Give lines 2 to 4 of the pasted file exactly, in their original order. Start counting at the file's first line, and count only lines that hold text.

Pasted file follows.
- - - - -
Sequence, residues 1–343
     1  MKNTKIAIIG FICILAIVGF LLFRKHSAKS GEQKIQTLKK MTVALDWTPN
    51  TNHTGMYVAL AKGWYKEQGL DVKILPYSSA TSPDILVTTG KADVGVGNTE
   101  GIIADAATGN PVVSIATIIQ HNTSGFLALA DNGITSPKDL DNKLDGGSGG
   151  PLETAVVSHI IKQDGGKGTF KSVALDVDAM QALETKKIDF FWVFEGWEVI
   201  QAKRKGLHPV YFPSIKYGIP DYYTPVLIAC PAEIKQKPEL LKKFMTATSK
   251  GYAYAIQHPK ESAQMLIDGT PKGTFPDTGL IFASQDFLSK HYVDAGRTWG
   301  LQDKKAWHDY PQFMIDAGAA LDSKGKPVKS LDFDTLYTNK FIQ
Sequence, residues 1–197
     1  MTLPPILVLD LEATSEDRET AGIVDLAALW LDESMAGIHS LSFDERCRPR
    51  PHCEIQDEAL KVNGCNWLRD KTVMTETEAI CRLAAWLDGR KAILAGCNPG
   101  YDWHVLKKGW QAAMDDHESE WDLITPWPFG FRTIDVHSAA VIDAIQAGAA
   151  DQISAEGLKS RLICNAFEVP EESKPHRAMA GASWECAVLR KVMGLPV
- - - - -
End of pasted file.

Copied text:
     1  MKNTKIAIIG FICILAIVGF LLFRKHSAKS GEQKIQTLKK MTVALDWTPN
    51  TNHTGMYVAL AKGWYKEQGL DVKILPYSSA TSPDILVTTG KADVGVGNTE
   101  GIIADAATGN PVVSIATIIQ HNTSGFLALA DNGITSPKDL DNKLDGGSGG